75 years ago, Orson Wells caused panic in the United States
75 years ago, the American director Orson Welles caused panic among the U.S. population by issuing a radio adaptation of the classic HG Wells, "The War of the Worlds". A story that made 60 distressing minutes to become the most famous in the history of global broadcasting.
Whenever there is a major event in the world, the first question asked by the media is where were you a day like today a few years ago?. If we were to ask a few million Americans, they may say that they were scared at home listening to the radio and others were running like a bat out of hell, in their cars through the streets in search of a better place to shelter from invasion.
The October 30, 1938, a young Orson Welles in front of the microphone of the Study One of the Columbia Broadcasting (CBS) in New York, accompanied by ten actors and an orchestra of 27 instruments, put the world in the hands of an alien invasion thanks to a radio adaptation of the novel first published in 1898, "War of the Worlds" by British writer and novelist HG Wells, whose story unfolded entirely in England but Wells was able to move seamlessly into U.S. territory.
The eve of Halloween night, at eight o'clock, after an introduction and a warning of what was to tell by radio was a completely fictional story, the speech began: "Ladies and gentlemen, here is the latest bulletin from the Intercontinental Radio News. Toronto, Canada: Professor Morse of McGill University reports observing a total of three explosions on the planet Mars, between the hours of 7:45 P. M. and 9:20 P. M., eastern standard time.". Thus, Orson Wells wanted to give life to a fiction as an important newsletter is involved. He had done.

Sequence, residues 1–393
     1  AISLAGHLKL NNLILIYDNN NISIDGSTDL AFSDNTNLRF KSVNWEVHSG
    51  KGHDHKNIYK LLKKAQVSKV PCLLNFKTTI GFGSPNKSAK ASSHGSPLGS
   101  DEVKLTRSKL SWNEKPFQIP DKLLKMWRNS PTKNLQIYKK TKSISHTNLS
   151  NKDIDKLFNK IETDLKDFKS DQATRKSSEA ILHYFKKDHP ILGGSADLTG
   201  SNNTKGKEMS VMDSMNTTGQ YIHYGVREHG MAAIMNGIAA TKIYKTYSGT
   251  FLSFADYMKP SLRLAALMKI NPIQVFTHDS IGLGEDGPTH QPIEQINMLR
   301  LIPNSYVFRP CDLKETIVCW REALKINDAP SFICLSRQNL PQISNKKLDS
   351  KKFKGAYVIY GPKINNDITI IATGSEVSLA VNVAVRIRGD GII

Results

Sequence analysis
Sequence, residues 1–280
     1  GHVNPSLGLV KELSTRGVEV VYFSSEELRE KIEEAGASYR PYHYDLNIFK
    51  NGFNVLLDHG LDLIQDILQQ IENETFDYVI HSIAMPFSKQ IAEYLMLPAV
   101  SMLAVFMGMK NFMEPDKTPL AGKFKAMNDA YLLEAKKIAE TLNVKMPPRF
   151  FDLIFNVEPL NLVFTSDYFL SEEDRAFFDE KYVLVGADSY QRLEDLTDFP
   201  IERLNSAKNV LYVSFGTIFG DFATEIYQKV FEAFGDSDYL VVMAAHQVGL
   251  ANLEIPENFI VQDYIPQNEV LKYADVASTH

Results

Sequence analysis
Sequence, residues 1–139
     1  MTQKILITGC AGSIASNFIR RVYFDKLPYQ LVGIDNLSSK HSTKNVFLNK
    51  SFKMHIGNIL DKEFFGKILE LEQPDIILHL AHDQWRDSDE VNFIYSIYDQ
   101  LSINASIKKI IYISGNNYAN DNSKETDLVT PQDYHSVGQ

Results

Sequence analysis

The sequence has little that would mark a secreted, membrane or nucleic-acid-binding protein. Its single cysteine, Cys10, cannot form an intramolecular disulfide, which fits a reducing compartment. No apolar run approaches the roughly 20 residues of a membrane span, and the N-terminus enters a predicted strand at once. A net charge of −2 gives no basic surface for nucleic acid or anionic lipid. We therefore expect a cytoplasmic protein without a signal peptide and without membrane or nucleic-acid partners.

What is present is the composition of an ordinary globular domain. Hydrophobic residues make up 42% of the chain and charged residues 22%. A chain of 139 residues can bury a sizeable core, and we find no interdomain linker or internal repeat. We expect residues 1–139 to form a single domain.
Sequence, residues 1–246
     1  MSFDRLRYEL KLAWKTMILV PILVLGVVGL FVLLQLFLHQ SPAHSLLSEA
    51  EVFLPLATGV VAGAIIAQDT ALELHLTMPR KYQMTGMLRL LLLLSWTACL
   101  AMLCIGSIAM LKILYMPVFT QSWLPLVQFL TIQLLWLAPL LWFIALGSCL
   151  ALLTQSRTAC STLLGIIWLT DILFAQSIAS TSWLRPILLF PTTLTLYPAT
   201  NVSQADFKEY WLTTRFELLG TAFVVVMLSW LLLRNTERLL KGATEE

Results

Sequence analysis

Many people began to listen to the radio later than the start of the broadcast of "The War of the Worlds", so you could not hear the warning message of the program, and others simply were not aware that this was only a soap opera more that would become the most famous in the history of radio. Something that, despite the years, has only managed that continue talking about it even more.
As the minutes passed, panic took hold of listeners who were tuned to CBS, between the music of the orchestra and assumptions newsletters, breaks were getting longer adding more nervousness and the mystery of that really was not happening. The following information was even more alarming than the first: "Ladies and gentlemen, due to circumstances beyond our control, we are unable to continue the broadcast from Grovers Mill. Evidently there's some difficulty with our field transmission. However, we will return to that point at the earliest opportunity. In the meantime, we have a late bulletin from San Diego, California. Professor Indellkoffer, speaking at a dinner of the California Astronomical Society, expressed the opinion that the explosions on Mars are undoubtedly nothing more than severe volcanic disturbances on the surface of the planet. We now continue with our piano interlude."
As if that were not enough to create a collective alarm, the character Carl Philips from Grovers Mill, New Jersey, where he allegedly was happening landing said: "Just a minute! Something's happening! Ladies and gentlemen, this is terrific! This end of the thing is beginning to flake off! The top is beginning to rotate like a screw! The thing must be hollow!".
12 million people heard the broadcast of "The War of the Worlds". So other many in the states of New Jersey and New York, panicked leaving their homes, collapsing roads, stations or police stations and blocking even emergency phones for several hours were receiving many calls they said they had seen the aliens.
After the uproar that Orson Wells had brought with "The War of the Worlds", the director was forced to call a press conference saying, "I have no interest in explaining to the public the reasons for radiating the novel, much less to apologize for having you excited. If there have been mass panic situations is only because I know telling stories on the radio".